Saturday, 17 October 2015

St Bartholmews Lower Basildon



One of the first posts I did in this blog was called the Lost Boys who are buried at a church called St Bartholomew Lower Basildon. The church was built in the 13th century with the tower added in 1734, it also has a 15th century font. The church became redundant and is now owned by the Church Conservation Trust. 


 View of St Bartholomew from near the entrance





Here we look over to the East end









The porch and bell tower












 The belltower was built in 1734 and is one of the prominent features of the church





Looking along the church to the tower on the west end 













As you may have guessed I have been to the church before a couple of times but this occasion I brought my tripod with me. The interior is unchanged and as peaceful as ever to visit





 The chancel is very light inside and lined with choir stalls

The altar dressed in simple wooden cross and candle holders, the back wall is tiled






Look back through the chancel arch and you can see how long the nave is with glass partition to the bell loft
The nave with it's candle holders



The pulpit has some nice carvings on it 














With a particularity nice on on the door to the pulpit

  If you go into the pulpit you will get this fine view of the nave



As you walk through the church you can see some fine old memorials, like this one to Revd Robert Baily Fisher who was 46 years vicar of the parish



or this one to Henry Harvey Hopkins who came from Cholsey




This one is to Martha  Harvey Fisher wife of the Revd in the first meorial I showed



 The memorial on the right is to the Sykes family from Basildon Park nearby
On the left the framed pring by the memorial is a will leaving money





A memorial to George Ogle 






There are some impressive memorials to the Sykes family in paticular Sir Francis Sykes who lived nearby at Basildon Park 





The weeping woman on the pillar was one that stood out as it had a cameo of the man himself

 
Two more memorials of note, one to Eliza who was the wife of  Richard Kenyon De Beauvoid and only daughter of Sir Francis Sykes. and The Hon Elizabeth Lady Smith who owas first married to Sir Frances Sykes


The 15th century font






There is are very nice stained glass windows in the church that show the light nicely if I get it right


The chancel window though is quite plain








But the other windows in the church make up for this











Walking along the nave you can see this tomb in great condition considering it's age







A small memorial can be seen by the choir stalls and along the nave two more tombs can be seen though these are well worn











One has a very nice brass inlaid which is John Clerk and his wife Lucie, both in Medieval costume and quite hard to read the way it is engraved








View towards the small North aisle







The carved choir stalls


Time to go round the churchyard and one of the first things I noticed was a tree had been cut down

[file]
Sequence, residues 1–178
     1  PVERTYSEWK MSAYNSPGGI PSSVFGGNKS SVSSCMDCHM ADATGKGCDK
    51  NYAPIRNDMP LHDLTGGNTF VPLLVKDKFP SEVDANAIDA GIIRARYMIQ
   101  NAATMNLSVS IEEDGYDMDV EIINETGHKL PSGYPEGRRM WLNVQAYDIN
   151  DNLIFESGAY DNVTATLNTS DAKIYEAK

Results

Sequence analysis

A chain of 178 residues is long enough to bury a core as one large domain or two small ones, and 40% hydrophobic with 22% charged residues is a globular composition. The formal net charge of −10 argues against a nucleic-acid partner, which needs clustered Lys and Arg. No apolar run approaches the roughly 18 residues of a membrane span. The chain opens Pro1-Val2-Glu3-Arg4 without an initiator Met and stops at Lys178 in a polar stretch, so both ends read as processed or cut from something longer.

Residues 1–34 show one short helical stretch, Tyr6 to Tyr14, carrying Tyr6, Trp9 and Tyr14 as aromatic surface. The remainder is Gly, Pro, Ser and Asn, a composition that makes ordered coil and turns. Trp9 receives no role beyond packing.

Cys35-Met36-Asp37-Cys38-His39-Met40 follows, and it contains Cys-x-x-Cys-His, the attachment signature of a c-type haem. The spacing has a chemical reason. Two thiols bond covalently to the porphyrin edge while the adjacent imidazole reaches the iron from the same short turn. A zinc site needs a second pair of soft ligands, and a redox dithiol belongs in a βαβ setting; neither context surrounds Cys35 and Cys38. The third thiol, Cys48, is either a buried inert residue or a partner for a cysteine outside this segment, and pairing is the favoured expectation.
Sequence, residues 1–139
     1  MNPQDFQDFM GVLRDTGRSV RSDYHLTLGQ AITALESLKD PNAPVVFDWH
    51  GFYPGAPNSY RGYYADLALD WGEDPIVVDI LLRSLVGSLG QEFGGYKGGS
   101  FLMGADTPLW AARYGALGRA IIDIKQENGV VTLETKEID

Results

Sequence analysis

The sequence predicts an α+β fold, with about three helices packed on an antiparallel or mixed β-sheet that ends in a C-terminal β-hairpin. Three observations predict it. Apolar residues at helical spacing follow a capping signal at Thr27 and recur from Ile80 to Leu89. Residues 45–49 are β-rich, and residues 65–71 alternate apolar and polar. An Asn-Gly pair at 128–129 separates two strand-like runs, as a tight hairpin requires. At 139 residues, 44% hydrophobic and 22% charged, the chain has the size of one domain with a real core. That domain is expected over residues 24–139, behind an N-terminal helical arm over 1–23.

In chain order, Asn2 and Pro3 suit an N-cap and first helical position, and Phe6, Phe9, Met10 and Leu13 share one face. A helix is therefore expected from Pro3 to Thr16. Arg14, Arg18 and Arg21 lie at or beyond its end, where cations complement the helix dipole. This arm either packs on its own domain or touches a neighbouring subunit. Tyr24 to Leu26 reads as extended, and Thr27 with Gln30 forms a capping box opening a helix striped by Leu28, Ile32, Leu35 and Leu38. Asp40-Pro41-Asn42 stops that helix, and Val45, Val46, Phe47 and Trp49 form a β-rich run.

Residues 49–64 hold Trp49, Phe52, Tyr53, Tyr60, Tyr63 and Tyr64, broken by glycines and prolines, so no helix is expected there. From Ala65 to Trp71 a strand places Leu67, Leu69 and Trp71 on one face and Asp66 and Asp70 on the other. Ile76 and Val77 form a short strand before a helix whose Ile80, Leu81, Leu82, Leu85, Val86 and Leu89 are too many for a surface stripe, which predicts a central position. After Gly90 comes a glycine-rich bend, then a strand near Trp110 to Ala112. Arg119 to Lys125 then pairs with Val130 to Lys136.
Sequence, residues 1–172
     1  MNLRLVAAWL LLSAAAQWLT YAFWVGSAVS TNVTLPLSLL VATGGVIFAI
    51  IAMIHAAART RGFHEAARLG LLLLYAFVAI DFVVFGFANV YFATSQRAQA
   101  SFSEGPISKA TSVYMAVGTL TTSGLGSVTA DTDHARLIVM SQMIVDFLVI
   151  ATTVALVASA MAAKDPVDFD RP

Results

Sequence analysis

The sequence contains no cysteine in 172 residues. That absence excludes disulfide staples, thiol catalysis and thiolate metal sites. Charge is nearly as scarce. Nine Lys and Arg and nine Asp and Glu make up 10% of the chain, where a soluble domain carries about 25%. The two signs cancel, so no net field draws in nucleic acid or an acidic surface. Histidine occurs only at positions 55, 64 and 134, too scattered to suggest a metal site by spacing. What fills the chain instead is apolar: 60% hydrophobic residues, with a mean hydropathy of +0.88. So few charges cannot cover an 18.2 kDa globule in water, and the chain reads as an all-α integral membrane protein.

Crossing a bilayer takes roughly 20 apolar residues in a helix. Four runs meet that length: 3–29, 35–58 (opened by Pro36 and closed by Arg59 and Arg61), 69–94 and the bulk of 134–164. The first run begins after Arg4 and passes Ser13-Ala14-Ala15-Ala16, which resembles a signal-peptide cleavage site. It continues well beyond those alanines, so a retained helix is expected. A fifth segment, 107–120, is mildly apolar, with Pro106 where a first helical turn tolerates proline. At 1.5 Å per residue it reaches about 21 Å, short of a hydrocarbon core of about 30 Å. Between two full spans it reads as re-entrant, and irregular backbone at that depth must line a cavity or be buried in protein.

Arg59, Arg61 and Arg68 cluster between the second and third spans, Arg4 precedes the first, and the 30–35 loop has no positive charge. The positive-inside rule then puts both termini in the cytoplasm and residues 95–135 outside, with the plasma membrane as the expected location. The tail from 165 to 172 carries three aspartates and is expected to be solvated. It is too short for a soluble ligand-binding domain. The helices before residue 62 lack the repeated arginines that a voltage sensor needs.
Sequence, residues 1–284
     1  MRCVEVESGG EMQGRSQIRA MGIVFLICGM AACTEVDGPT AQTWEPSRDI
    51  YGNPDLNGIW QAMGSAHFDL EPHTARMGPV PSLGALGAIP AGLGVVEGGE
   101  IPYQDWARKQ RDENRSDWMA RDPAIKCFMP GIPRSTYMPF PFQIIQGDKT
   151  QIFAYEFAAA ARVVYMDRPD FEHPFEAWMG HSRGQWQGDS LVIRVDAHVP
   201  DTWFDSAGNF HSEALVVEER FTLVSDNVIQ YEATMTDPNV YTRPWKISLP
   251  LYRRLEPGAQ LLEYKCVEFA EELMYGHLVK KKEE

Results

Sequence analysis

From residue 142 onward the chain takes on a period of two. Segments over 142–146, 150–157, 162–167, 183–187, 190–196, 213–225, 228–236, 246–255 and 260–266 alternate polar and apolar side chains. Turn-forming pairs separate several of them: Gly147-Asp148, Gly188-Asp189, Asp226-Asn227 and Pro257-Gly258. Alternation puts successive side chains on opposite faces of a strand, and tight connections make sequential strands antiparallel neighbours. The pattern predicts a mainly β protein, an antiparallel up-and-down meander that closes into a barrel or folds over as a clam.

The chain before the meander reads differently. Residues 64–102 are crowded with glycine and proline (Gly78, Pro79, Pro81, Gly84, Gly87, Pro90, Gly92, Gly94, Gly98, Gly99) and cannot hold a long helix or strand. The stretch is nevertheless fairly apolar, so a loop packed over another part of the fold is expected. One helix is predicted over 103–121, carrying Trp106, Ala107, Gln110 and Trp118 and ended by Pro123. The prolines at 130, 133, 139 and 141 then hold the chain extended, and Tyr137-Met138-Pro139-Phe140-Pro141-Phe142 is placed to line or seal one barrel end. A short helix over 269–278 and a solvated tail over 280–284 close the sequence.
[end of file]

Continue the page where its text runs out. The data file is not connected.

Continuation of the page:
and from the look of things not long ago



One of the more famous people buried in the Churchyard is Jethro Tull and his headstone can be seen on the left here and leans against the church. It's a modern one as the original is lost to time in the churchyard. The memorial on the right is a14th-century chest tomb, reused as a monument to Sir Francis Sykes who died in 1804
 
The wording on it is becoming faded now




Nearby is a very impressive fenced off tomb






The inscription on one end is to James Morrison of Basildon Park who dies in 1857









You need to go round the back to see the grave of Sir Francis Sykes which was not as  overgrown last time I visited











Wandering round the churchyard there are many old graves to see









and the odd new one like this one of the Olive Family I loved the carving of T rex on this headstone






Most are among the long grass




Others under trees and shrubbery













Many forgotten about







as you can see when you look in the shrubbery


There were seven
 war graves round the churchyard which I find sad because they are becoming forgotten
 
They should never be forgotten





Some work is being done clearing the churchyard



Hopefully before the headstones become lost









And forgotten about

 St Bartholmews Churchyard

The Lost Boys

St Bartholmews
Have a wonderful weekend

7 comments:

  1. Hy Bill !
    This church is very simply furnished, they are very beautiful. I love these modest temples. I wish you a successful Sunday. Regards:)*

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  2. This is a delight Bill. The statue of the Lost Boys is wonderful and the T Rex stone is a first.

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  3. Wonderful post. I especially appreciated all those nice interior shots, and of course that great bell tower.

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  4. I appreciate your research into the history of the beautiful churches you share.
    ellen b. http://happywonderer.com/2015/10/17/inspired-sunday-7/

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  5. What a wonderful building inside and out!

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  6. What a fantastic post Bill so enjoyed your words and images. I seem to remember you saying you would go back with your tripod. As much as I enjoyed seeing the inside it was the gravestones that tugged my heart, especially the Olive family, John there with his grandfather passed away far too young, and all the neglected graves, very sad. Thanks so much for taking us along with you.

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